‘Misyon’: Community orchestras
Carl Piñon’s exposure to music began early in life. His family’s house in Taytay, Rizal province, stands next to a chapel where the town’s marching band members meet regularly for rehearsals.
“They would play every fiesta and I’ve always been amused by the (sound of the) horn,” he said.
A son of an electrician and a seamstress, Piñon said he was lucky his parents supported his interest in music despite their meager income.
When he was in Grade 3, Piñon’s father accompanied him to audition for the school marching band. “They said I was still too small for a horn so they gave me a trumpet instead,” he recalled.
Now 17, Piñon plays the principal or lead horn in the Orchestra of the Filipino Youth (OFY), a youth ensemble established by “Ang Misyon.” He was discovered by Ang Misyon founder and world-renowned pianist Jovianney Emmanuel Cruz in Taytay in 2014.
“Horns are not easy to play. It has many transpositions, just like having to speak multiple languages,” Piñon said.
Ang Misyon is a free music program for the poor, talented young Filipino artists. Since 2012, it has trained scholars, some as young as 5, under the discipline of classical music.
It has established OFY and its twin ensemble, Young Filipinos’ Orchestra, with about 120 members.
Currently, it has over 600 scholars in its satellites in Metro Manila and the provinces of Rizal, Antique, Isabela, Aurora, Batangas, Bulacan, Cavite, Cebu, Oriental Mindoro, Nueva Ecija, Leyte and Samar.
“It actually did not start out as a program per se,” Cruz said in an interview during a recent music camp at Eugenio Lopez Center in Antipolo City.
Several years back, he was invited by First Philippine Holdings Chair Federico Lopez to play in their home. This was how Cruz brought up the idea of putting up a concert hall at Rockwell Center in Makati City, telling Lopez how young Filipino artists needed a “home.”
“The wine probably sort of gave me the courage to actually say something. (The next day) I was scratching my head, ‘What did I say?’” he said.
The next thing he knew, Cruz was discussing plans with Lopez Group Chair Oscar Lopez to build a 726-seat concert hall. Designed by Carlos Ott, the architect behind Paris’ Bastille Opera, the concert hall is scheduled for opening in 2019.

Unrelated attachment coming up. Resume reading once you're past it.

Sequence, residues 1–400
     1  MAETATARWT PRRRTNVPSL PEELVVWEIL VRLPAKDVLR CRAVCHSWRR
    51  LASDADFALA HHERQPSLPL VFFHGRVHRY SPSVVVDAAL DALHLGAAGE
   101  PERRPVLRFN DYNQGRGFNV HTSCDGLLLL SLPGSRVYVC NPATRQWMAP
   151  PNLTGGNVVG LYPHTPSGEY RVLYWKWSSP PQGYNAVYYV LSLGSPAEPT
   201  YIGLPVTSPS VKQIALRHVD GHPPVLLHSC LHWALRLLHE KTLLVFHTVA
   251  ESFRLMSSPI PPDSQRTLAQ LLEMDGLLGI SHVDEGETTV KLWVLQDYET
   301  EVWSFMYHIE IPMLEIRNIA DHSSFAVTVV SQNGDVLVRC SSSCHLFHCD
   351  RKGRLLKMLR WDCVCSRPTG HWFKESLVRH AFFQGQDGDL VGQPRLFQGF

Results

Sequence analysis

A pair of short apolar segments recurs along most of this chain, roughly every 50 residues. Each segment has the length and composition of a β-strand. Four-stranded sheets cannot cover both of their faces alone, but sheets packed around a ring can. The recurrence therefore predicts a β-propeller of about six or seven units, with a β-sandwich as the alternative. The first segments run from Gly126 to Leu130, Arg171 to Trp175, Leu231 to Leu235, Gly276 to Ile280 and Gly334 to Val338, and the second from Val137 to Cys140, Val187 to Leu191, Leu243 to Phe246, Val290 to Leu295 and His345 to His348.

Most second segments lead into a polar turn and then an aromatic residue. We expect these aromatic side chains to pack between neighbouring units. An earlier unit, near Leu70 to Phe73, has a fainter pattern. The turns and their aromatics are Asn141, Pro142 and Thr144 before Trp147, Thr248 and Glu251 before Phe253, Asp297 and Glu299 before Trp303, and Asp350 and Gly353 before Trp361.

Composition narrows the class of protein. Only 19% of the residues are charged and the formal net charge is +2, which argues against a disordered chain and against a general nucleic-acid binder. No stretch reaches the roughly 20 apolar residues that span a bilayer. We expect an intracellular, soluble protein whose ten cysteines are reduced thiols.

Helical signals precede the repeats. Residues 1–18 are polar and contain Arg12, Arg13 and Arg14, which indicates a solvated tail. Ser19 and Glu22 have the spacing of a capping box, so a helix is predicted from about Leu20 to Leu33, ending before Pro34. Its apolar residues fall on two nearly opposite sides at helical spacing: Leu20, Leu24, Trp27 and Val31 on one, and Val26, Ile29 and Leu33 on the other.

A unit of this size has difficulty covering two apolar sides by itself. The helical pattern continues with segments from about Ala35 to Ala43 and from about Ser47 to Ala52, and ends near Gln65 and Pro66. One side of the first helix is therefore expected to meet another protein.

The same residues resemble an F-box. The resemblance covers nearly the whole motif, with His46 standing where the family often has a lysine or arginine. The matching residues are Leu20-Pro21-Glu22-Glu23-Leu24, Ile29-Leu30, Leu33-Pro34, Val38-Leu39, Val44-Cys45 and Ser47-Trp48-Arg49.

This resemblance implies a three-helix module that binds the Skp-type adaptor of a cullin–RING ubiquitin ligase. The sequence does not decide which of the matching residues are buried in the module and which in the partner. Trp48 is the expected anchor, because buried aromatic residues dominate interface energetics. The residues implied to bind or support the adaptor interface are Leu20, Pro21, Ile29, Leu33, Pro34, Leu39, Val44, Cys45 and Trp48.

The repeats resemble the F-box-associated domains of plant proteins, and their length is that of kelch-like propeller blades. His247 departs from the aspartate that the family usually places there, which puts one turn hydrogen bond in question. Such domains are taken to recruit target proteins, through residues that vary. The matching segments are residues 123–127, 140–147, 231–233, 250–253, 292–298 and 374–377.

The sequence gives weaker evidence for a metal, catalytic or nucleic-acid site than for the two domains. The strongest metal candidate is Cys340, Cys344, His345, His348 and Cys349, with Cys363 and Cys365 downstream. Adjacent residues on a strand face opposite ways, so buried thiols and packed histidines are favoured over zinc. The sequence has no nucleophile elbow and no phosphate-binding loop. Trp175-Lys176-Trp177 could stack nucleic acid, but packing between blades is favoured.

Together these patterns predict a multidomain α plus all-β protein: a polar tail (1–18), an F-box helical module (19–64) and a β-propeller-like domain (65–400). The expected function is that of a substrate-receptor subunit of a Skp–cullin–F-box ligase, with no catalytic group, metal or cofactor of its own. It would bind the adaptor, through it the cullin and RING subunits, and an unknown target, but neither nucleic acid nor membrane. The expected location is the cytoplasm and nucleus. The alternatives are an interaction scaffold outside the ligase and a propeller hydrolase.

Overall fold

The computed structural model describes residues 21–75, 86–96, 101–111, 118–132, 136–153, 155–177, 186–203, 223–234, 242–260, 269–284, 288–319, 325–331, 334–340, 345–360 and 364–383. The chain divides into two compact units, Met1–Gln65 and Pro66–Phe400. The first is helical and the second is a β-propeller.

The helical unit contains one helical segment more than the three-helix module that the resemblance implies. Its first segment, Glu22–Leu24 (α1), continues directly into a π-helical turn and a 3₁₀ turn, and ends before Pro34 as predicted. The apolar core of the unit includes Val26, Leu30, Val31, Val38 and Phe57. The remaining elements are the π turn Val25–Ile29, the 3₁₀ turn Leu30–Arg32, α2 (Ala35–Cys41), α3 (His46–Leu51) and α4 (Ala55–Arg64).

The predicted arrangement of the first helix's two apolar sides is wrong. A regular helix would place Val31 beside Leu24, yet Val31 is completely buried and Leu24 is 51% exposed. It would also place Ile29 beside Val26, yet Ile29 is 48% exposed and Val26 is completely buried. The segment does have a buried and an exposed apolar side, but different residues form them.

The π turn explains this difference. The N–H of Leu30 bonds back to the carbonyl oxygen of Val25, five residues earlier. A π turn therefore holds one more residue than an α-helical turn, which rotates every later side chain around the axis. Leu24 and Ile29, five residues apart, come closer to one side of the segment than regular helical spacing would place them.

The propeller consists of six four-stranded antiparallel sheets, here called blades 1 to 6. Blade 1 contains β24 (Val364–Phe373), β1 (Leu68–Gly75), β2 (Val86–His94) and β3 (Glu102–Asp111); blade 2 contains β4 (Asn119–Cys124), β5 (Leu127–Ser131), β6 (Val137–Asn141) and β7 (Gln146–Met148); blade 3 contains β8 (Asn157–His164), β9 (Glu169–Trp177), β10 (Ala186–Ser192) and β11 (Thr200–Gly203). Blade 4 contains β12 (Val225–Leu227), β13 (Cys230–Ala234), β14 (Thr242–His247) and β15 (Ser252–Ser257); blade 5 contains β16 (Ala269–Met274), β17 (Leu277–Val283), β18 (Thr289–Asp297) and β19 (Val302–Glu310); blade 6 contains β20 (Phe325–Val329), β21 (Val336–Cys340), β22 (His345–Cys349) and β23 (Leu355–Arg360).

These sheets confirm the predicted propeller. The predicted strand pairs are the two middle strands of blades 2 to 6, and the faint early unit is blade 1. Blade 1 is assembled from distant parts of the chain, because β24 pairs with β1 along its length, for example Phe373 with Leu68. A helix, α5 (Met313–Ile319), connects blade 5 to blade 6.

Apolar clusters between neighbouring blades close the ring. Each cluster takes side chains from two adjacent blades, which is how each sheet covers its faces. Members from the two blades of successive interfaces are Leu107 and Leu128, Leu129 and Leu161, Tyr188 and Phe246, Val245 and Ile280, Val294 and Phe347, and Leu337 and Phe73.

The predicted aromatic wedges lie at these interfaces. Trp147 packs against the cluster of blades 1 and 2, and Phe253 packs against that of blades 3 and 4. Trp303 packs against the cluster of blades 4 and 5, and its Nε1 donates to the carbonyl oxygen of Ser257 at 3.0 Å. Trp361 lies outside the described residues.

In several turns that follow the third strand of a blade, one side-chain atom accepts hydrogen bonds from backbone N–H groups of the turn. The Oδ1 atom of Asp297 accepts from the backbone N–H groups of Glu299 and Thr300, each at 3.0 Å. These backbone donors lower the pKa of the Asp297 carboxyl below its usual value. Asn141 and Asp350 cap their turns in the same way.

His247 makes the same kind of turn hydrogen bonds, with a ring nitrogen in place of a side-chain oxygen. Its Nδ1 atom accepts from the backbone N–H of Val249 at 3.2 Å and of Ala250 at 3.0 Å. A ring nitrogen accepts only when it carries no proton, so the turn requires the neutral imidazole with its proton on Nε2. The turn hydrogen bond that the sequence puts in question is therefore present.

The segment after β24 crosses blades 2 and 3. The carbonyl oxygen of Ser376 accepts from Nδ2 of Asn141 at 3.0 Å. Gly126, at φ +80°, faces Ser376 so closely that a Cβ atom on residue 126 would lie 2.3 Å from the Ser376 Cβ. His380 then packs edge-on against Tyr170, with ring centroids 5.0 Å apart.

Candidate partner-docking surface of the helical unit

Cruz said the group was named after the 1986 film, “The Mission,” (also its translation from English) that featured a Jesuit missionary, whose oboe playing saved his life from the Guarani warriors. It was inspired by the 42-year-old Venezuelan music program, El Sistema, which has produced famous orchestra conductors, like Gustavo Dudamel.
Like the Latin American program, Cruz said he wanted to reach out to the underprivileged communities through music.
“[At first], what we wanted was [to spend] five to 10 years going around the country to inspire communities to build their own orchestras. It did not work out that way,” he said.
Soon after he and Federico founded the music program, parents walked into Ang Misyon’s headquarters in Pasig City while inquiries about audition flooded its website.
“Every day, somebody’s life changes because they realize they have talent that they thought they never had. They can actually overcome fear [and] achieve skills that they never dreamed of,” Cruz said.
Jose Marie Eserjose, 17, from Taguig City, said he wanted to become an engineer but eventually got “hooked” on classical music.
A son of a tricycle driver and a factory machine operator, Eserjose did not attend any prior violin lessons but learned to play the instrument from the internet.
“He was self-taught by copying everything from YouTube. When he entered the satellite, we had to undo everything,” Cruz said when Eserjose auditioned for OFY in 2014.
He said Eserjose was quick to learn the proper techniques and easily moved up to the first or lead violin section of the orchestra. Now OFY’s concert master, Eserjose would also play the concert pieces from memory.
The scholars are provided with the instruments, concert uniforms and even transportation fare to and from rehearsal or concert venues. “We have one who travels every week from Mindoro just to attend the rehearsals (in Metro Manila),” Cruz said.
In 2016, Ang Misyon was featured as one of the successful El Sistema programs in the book, “Playing for their Lives,” by Tricia Tunstall and Eric Booth. It also invites world-class foreign artists to give one-on-one lessons and orchestral workshops.
Classical music teaches the discipline of paying attention to details and the right notes. But it is having to play for chamber music that fosters camaraderie, selflessness and respect, Cruz said.
In 1991, Cruz, who has won over 20 international competitions and performed in hundreds of concerts, left New York City to teach music at the University of the Philippines. He realized it was still not enough unless he gets his hands dirty.
Ang Misyon aims to empower the Filipino youth by training students who, in turn, will establish community orchestras. By giving them a home, Cruz also said the group wanted to preserve the country’s “artistic treasures.”
“There has to be a better, a more selfless way of dealing with music, not as entertainment [or] self-glorification,” Cruz said.
After all, “all those standing ovations, all those great reviews, you know, the next morning they don’t really matter,” he added.
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